BY KRISTIN GARDNER
An integrated approach to secure the future of water in Big Sky.
Over the past year, sustainability initiatives have been gaining momentum across Big Sky. After recently participating in a two-day workshop on sustainable tourism and the inaugural meeting of the Big Sky Sustainability Committee, I have been ruminating on water sustainability in Big Sky. What does water sustainability look like for a growing mountain resort community, which greatly depends on the availability of water in all its forms? How we can we make water management decisions today without compromising the water needs for future generations?
I believe the answer lies within the holistic approach: One Water. One Water promotes managing water in ways that are in harmony with the natural flows of water through watersheds. One Water recognizes that all water has value—the water in our rivers, lakes and aquifers, as well as the water we drink, the water produced from wastewater treatment, and the water that runs off of our residential developments, trails, and golf courses. These interconnected water resources can and should be managed carefully to maximize benefit to the entire watershed.
Examples of innovative water management solutions that maximize watershed benefit are becoming more prevalent across the United States. Soda Springs Mountain Resort was the first ski resort in California to make snow with highly treated wastewater effluent, which then recharges ground and surface water flows as the snow melts in the spring, thus preparing the ski resort for climate change. Austin Central Library in Austin, Texas, collects both rainwater and the water that drips off of air conditioning systems, and then uses that water to irrigate the library’s landscaping and to flush toilets.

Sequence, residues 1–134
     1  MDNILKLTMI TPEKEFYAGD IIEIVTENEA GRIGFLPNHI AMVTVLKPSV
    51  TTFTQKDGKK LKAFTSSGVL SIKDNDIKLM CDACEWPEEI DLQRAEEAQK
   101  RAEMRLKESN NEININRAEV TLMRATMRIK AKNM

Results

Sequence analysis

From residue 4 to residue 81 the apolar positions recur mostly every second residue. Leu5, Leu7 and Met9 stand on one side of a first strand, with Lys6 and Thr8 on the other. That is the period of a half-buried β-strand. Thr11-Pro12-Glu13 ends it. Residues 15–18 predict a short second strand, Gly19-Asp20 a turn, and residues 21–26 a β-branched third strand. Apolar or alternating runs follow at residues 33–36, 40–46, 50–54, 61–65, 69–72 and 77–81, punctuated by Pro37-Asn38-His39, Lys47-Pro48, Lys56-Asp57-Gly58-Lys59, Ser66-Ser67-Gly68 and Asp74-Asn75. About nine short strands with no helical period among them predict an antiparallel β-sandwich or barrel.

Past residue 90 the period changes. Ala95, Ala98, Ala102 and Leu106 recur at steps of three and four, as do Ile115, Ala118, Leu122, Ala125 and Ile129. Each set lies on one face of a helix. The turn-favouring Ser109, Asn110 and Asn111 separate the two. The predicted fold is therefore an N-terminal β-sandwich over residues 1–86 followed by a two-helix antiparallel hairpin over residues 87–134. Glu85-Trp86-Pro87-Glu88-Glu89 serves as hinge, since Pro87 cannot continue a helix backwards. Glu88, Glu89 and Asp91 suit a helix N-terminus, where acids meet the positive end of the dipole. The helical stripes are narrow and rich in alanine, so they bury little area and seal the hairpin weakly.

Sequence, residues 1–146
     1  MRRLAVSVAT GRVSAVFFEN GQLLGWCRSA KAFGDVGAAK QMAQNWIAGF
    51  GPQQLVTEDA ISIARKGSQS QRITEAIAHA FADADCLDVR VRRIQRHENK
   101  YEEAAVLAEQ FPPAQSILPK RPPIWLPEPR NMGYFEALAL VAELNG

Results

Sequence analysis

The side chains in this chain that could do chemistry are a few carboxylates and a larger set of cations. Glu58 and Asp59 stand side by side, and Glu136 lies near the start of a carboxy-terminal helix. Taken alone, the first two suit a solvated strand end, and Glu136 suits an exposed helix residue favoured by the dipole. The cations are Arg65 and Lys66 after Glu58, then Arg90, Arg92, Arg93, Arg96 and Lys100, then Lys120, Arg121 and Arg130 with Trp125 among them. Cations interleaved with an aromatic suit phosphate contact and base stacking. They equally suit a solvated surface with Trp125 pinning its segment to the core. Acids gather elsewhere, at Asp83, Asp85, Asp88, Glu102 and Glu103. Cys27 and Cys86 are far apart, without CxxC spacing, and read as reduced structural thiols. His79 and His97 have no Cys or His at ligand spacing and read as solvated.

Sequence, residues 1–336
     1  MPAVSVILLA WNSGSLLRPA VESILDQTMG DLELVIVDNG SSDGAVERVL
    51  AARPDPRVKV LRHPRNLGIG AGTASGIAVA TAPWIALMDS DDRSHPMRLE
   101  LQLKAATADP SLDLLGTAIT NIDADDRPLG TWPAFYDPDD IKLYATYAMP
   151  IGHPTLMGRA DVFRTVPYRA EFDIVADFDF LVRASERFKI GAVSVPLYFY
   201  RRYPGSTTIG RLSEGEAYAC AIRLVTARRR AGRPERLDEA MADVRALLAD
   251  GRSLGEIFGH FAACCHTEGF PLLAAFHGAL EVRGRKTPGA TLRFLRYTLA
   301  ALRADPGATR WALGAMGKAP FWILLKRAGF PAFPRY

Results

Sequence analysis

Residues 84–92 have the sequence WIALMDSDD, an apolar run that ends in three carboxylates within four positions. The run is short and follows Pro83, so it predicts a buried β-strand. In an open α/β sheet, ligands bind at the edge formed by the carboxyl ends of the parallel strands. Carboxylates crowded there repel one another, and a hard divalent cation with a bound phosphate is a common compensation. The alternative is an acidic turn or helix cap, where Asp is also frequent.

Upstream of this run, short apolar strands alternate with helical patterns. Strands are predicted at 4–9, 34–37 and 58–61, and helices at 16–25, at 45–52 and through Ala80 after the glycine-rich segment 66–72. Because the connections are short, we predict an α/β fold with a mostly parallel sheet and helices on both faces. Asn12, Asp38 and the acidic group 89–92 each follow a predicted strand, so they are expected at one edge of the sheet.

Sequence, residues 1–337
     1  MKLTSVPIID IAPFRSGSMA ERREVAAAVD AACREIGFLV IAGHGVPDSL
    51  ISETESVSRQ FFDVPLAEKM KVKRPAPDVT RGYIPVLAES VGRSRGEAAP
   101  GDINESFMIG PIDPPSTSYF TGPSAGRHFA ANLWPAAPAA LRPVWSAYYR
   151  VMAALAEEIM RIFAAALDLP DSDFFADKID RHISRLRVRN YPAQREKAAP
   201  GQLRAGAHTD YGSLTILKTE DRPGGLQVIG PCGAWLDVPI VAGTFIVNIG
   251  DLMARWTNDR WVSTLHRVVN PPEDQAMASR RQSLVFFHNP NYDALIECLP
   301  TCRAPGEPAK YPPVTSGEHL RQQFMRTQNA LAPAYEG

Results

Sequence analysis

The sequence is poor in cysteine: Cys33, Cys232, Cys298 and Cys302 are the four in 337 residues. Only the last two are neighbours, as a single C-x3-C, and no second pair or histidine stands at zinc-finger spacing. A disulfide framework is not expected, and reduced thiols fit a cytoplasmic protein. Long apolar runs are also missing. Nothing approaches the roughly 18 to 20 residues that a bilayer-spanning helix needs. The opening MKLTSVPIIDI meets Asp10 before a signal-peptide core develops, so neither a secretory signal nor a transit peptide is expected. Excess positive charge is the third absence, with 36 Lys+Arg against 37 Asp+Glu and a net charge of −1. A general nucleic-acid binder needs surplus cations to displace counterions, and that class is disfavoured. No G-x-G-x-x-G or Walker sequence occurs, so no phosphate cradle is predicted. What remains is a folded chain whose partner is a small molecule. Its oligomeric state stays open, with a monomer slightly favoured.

Integrating natural and human-influenced water systems breaks from the traditional siloed approach of managing water supply, wastewater, and stormwater. Instead, all of these urban water flows are recognized as potential resources to sustain our rivers and aquifers. Healthy rivers and aquifers depend on abundant clean water that is directly and indirectly affected by how we manage our urban water flows.
In Big Sky, we already have some examples of One Water approaches to water management. Wastewater effluent from the Big Sky Water and Sewer District and Yellowstone Club is used to irrigate our local golf courses and community park. Purple pipe, a special pipe that transports treated wastewater, is being installed in Town Center to irrigate residential and business developments. Instead of potable water being withdrawn from our aquifers for irrigation, that water remains in the ground to slowly replenish our rivers and drinking water supplies. It’s a win-win-win.
But, we could do better to fully embrace the idea of One Water. Our community is inherently connected to the water cycle. The snow we ski becomes the whitewater we float, the riffles we fish and the water we drink. We need to prioritize innovative solutions that meet the water needs of the river, our growing community and future generations.
Many of these solutions are outlined in the Big Sky Sustainable Watershed Stewardship Plan. For this to come to fruition, we will all need to think outside of the box and beyond our own organizations and property boundaries when we consider water resource planning. Together, we can and must build a sustainable water future for Big Sky.
This article originally appeared in the Oct. 25 – Nov. 7 edition of Explore Big Sky.